Leading UK glass supplier, Pilkington, is the latest company to join the UK’s North West Hydrogen Alliance (NWHA), following the completion of a world-first trial, last year, using hydrogen for glass production instead of natural gas.

Industry in general remains largely dependent on natural gas for manufacturing products. Current processes require flames to directly heat materials, particularly in the glass, brick and cement industries. Switching these processes to electricity would be prohibitively expensive, while using hydrogen in contrast is relatively low-cost. A small number of industrial sites in the UK’s North West are already use hydrogen, but the NWHA is seeking to expand this activity and this is being initiated through a series of large trials.

Pilkington’s role in this process will be to help replace natural gas with hydrogen in the glassmaking industry, thereby decarbonising glass production and making the industry more sustainable.  In September 2021, Pilkington, part of the Nippon Sheet Group (NSG), manufactured architectural glass using hydrogen in a world-first trial, part of the HyNet Industrial Fuel Switching Project. The trial demonstrated that hydrogen is just as capable as natural gas of achieving an excellent melting performance while also greatly reducing carbon emissions.

“While glass is a sustainable, infinitely recyclable material, it requires intense heat to produce,” says Neil Syder, managing director at Pilkington Glass. “Reducing CO2 emissions and maintaining the security of energy supply for our furnaces will remain fundamental to our continued business. Hydrogen offers a real solution to decarbonising the glass manufacturing process and the recent trials at our Greengate Works site in St Helens proved that it can be successfully used to fire up our furnaces.”

The company joins existing NWHA member Glass Futures, a not-for-profit company engaged in creating a ‘Global Centre of Excellence’ pilot plant facility in St Helens, which aims to make glass the low carbon material of choice. The facility will incorporate a full-scale batch plant, a 30-tonnes per day furnace with abatement and heat recovery, an IS machine and cold end container process coating, inspections and packing line. Development of alternative fuel technologies will be a key project within this facility.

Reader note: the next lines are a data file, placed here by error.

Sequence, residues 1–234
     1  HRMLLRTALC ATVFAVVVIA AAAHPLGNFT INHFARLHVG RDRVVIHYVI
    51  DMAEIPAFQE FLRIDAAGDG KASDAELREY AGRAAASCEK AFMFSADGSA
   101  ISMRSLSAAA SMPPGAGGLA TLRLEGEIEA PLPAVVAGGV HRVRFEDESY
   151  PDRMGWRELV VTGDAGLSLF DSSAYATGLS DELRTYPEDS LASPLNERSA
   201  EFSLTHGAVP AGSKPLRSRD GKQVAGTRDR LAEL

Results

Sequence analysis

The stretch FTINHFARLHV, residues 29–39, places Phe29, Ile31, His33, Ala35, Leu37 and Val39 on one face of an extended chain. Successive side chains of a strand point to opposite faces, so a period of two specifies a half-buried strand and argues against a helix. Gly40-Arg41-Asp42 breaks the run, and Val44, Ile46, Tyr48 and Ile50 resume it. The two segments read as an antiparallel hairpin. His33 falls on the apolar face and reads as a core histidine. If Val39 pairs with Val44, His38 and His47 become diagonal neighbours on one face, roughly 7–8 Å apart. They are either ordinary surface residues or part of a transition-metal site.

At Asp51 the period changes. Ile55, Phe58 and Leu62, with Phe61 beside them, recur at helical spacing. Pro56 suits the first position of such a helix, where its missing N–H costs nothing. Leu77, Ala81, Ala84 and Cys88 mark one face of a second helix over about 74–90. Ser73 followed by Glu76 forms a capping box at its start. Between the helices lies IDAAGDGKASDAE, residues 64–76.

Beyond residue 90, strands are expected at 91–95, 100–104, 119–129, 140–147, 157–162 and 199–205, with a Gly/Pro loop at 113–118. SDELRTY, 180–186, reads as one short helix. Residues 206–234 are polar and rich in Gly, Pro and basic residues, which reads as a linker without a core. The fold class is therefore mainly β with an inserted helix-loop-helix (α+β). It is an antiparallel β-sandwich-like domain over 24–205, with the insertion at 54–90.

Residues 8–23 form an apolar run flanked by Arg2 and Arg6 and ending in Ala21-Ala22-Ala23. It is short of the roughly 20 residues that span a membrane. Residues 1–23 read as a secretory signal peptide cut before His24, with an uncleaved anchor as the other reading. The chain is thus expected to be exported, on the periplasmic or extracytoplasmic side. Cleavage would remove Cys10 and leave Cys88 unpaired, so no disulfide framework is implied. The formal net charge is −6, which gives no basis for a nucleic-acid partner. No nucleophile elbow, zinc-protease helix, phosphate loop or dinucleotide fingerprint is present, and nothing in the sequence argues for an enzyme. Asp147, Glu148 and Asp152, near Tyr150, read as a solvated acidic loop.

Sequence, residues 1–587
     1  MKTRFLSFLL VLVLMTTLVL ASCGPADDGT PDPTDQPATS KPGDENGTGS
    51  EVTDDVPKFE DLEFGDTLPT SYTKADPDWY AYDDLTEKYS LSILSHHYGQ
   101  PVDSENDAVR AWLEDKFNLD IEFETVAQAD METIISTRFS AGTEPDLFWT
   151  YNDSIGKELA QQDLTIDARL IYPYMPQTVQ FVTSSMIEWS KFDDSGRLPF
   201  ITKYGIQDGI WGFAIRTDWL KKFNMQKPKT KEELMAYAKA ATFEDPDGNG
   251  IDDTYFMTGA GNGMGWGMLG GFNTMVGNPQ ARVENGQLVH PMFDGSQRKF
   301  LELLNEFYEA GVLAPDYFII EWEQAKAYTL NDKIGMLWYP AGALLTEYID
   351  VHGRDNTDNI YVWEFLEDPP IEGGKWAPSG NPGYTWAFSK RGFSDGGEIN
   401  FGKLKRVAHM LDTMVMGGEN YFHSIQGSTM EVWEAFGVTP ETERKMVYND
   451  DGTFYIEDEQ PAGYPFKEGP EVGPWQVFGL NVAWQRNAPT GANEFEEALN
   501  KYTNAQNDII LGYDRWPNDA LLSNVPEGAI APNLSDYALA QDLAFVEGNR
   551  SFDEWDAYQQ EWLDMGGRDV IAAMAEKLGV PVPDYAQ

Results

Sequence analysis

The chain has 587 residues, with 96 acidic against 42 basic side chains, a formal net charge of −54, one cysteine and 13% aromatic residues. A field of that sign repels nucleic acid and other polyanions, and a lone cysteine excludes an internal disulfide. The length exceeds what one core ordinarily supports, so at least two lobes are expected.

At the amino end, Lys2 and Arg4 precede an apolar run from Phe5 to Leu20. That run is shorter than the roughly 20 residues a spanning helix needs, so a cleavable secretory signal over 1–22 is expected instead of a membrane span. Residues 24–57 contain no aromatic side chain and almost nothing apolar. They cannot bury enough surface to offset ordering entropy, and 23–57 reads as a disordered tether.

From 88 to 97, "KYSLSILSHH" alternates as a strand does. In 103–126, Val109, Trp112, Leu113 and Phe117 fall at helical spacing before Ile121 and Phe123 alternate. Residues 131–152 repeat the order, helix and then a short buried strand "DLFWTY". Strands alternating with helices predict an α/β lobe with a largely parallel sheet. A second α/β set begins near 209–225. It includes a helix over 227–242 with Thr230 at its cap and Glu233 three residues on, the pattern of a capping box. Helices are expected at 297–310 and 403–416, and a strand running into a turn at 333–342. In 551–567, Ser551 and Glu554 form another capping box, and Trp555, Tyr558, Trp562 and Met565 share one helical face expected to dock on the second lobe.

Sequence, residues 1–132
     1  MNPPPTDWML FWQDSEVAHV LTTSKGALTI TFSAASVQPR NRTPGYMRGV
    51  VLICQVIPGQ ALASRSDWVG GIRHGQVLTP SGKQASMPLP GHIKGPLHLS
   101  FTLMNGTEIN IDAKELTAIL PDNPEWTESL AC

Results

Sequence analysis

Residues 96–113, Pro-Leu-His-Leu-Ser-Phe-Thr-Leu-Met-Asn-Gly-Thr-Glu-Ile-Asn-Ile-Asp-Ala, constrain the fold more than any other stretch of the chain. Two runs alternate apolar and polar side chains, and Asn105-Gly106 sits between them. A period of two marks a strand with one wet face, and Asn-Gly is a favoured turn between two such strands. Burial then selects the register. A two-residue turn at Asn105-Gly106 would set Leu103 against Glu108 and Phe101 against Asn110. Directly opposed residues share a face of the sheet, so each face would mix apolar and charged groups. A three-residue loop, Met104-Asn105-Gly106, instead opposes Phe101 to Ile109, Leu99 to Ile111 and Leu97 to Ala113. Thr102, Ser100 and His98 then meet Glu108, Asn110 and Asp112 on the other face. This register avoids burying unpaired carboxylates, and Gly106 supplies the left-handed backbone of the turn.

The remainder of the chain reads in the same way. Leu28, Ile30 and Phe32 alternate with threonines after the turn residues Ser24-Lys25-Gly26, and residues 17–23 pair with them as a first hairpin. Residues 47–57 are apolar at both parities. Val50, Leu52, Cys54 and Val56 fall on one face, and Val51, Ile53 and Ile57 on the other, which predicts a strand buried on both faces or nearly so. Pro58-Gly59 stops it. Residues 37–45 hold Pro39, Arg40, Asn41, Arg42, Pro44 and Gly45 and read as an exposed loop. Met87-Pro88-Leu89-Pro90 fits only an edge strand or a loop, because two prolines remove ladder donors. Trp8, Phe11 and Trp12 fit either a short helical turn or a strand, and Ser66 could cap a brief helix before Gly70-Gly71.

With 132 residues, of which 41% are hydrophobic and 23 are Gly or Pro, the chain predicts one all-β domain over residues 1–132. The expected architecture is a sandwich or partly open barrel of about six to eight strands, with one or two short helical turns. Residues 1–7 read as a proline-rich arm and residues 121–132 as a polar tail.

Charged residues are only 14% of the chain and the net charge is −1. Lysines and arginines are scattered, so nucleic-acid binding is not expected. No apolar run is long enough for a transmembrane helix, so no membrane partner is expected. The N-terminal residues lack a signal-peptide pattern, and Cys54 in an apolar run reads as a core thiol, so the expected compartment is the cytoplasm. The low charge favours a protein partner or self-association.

Green hydrogen

However, there are some challenges facing a transition to the use of hydrogen in glass-making. Firstly, it would entail the development of a network of pipelines to key locations. Secondly, clean green hydrogen requires electrolysis to separate hydrogen from oxygen in water. This would have to be achieved by renewable energy plants such as wind farms using electrolysers.

The Pilkington trial was conducted with fossil-fuel derived hydrogen supplied by BOC. Although the company is planning to explore the production of green hydrogen, the main point of the trial at St Helens was to prove that glass plants can safely use 100 per cent hydrogen.

In Germany, however, the Federal Association of the German Glass Industry (BV Glas) is already investigating the use of green hydrogen in glassmaking, through its Hyglass project in Essen. This is being conducted in collaboration with the German Gas and Heating Institute (GWI) and aims to lay the foundations for using hydrogen in industrial plants.

Another challenge is that the use of hydrogen in glass manufacturing is inefficient, with 45 per cent of the hydrogen remaining in the glass. In a situation where steel, cement and transportation also need hydrogen, this means the glass industry could be squeezed out and more innovation may be needed before green glassmaking in the UK becomes fully viable.

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